City of London

If you need help understanding the property licensing rules in the City of London you have come to the right place! We are experts in housing regulation and have produced this free guide to help you understand the council’s property licensing schemes.

If you find that you need a licence for your rented property our support doesn’t end there. Our Landlord Suppliers Directory (view here) lists companies that offer a licence application handling service. You can also find companies offering a wide range of other goods and services to help you manage your property portfolio and achieve compliance. 

To help set the scene, the City of London, often referred to as the Square Mile, covers an area of just 1.1 square miles in the heart of London. It is bordered by the boroughs of Westminster to the west, Camden, Islington and Hackney to the north and Tower Hamlets to the east, with the River Thames to the south. According to the 2011 Census, about 32% (1 in 3) of the housing stock was privately rented which is significantly higher that the London average of 25% (1 in 4).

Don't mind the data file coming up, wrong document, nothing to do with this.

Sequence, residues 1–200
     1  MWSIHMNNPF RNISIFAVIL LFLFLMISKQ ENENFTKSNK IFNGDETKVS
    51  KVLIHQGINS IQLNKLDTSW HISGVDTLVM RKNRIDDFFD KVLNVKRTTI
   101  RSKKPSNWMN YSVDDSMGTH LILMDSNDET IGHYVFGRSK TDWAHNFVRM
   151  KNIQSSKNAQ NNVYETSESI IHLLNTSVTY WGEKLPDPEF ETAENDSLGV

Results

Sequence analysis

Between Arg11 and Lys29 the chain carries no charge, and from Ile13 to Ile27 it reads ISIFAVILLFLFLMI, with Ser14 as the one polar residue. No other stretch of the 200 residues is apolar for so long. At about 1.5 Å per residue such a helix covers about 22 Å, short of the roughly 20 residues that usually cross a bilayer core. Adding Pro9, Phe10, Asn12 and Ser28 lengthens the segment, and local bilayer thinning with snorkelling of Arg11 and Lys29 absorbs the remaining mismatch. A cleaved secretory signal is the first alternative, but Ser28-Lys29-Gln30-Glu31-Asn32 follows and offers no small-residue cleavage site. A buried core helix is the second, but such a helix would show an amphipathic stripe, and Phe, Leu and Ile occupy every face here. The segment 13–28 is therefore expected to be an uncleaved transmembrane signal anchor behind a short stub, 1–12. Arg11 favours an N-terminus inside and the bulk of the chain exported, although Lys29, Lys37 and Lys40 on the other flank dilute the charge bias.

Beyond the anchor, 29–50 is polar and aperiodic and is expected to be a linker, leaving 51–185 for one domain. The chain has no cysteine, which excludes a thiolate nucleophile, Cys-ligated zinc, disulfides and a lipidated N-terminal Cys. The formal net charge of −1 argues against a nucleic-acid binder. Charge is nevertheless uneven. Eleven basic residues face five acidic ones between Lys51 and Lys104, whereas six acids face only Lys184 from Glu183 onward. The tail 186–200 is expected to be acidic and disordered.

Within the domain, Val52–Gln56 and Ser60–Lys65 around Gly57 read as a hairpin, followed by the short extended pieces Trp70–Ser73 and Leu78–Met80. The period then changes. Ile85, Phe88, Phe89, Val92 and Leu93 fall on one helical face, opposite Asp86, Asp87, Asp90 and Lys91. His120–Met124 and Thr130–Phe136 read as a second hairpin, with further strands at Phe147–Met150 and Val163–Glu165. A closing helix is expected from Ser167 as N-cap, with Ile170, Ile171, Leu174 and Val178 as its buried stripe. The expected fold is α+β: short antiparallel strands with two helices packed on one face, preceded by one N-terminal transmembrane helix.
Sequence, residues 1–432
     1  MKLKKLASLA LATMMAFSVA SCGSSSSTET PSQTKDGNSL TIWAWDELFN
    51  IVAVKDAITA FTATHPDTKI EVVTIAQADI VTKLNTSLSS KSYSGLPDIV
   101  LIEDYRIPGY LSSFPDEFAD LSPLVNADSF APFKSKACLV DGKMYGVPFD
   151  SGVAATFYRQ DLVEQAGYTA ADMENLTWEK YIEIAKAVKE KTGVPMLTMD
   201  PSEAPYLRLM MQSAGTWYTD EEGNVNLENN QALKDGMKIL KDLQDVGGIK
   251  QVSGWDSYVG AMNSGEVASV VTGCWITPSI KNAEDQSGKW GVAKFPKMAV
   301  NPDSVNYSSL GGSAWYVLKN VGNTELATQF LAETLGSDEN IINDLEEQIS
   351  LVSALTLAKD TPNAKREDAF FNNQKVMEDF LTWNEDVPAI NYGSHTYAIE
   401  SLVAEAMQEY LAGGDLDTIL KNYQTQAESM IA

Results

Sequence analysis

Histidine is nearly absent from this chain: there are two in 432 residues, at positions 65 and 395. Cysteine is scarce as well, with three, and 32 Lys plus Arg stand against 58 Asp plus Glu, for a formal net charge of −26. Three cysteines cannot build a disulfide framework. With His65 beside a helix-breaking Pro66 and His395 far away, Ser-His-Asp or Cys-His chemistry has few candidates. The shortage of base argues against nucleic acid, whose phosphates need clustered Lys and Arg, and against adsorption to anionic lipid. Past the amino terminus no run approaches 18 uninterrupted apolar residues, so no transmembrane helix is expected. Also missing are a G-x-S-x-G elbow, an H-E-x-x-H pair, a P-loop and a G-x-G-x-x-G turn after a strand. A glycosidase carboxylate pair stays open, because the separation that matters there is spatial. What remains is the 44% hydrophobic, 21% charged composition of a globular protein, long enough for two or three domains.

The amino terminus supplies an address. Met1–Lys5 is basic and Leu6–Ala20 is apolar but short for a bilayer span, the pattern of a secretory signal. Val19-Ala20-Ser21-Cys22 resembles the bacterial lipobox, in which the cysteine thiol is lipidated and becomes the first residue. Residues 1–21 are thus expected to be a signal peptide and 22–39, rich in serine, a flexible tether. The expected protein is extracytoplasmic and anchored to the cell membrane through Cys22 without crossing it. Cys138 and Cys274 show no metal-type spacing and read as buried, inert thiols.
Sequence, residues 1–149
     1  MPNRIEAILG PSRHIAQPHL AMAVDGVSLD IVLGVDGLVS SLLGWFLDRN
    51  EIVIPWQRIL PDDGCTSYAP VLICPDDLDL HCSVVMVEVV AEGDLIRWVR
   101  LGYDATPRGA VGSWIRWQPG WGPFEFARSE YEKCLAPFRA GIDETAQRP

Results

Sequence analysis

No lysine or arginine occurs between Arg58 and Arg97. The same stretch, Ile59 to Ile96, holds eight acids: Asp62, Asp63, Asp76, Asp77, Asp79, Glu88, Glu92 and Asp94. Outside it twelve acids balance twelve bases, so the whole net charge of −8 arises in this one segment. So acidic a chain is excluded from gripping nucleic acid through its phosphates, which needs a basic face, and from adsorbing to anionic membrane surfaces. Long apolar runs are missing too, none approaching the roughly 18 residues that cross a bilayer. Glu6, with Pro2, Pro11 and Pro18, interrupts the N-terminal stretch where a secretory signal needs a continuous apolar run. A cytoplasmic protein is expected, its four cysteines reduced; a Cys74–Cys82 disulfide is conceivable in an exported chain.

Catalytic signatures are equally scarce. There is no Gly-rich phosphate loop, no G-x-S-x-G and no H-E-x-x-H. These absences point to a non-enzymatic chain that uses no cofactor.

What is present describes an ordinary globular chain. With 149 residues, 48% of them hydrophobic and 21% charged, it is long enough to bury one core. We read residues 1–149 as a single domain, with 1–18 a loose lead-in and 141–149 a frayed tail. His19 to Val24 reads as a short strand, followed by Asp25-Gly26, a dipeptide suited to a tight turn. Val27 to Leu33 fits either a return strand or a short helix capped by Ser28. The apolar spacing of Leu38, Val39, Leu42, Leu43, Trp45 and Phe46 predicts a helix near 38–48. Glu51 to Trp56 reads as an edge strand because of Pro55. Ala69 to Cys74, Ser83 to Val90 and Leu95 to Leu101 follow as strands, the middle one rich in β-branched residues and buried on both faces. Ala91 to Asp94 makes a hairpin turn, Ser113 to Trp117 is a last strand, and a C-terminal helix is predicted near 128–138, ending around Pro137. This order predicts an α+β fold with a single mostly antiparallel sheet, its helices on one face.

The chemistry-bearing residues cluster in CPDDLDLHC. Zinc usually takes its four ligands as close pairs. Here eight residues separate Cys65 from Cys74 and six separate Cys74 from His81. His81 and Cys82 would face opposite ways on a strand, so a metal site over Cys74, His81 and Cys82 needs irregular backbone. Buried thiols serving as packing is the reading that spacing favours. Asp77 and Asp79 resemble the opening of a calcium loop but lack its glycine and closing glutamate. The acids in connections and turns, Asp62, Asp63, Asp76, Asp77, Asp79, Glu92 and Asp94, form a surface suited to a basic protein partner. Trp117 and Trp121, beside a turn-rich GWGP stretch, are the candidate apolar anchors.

Do I need a licence to rent out my property?

You do not need a licence if you rent your property to a single family as the City of London do not operate a selective licensing scheme.

If you rent your property as a House in Multiple Occupation (HMO), the answer is a bit more complicated. Whilst the City of London do not operate an additional licensing scheme, some HMOs do need a licence under the mandatory HMO licensing scheme that applies throughout England.

You will need a mandatory HMO licence if your property meets the standard test, self-contained flat test or converted building test HMO definition in section 254 of the Housing Act 2004 and is occupied by five or more people.

But what are these tests and what does this mean in practice? It means you need a licence for any house or flat that is occupied by five or more people who are not all related and live in the property as their main home. For example, it includes:

  • Shared houses and flats occupied by students and young professionals;
  • Properties converted into bedsits with some shared facilities; and
  • Properties converted into a mixture of self-contained and non self-contained accommodation.

Prior to 1 October 2018, the mandatory HMO licensing scheme only applied to properties that were three or more storeys in height, but that restriction has now been lifted.

The government have decided to exclude purpose built self-contained flats within a block comprising three or more self-contained flats from the mandatory HMO licensing scheme. While this will be good news for some landlords, it does make the licensing scheme far more complicated.

To find out more, you can read our free guide to mandatory HMO licensing (here).

How much does a licence cost?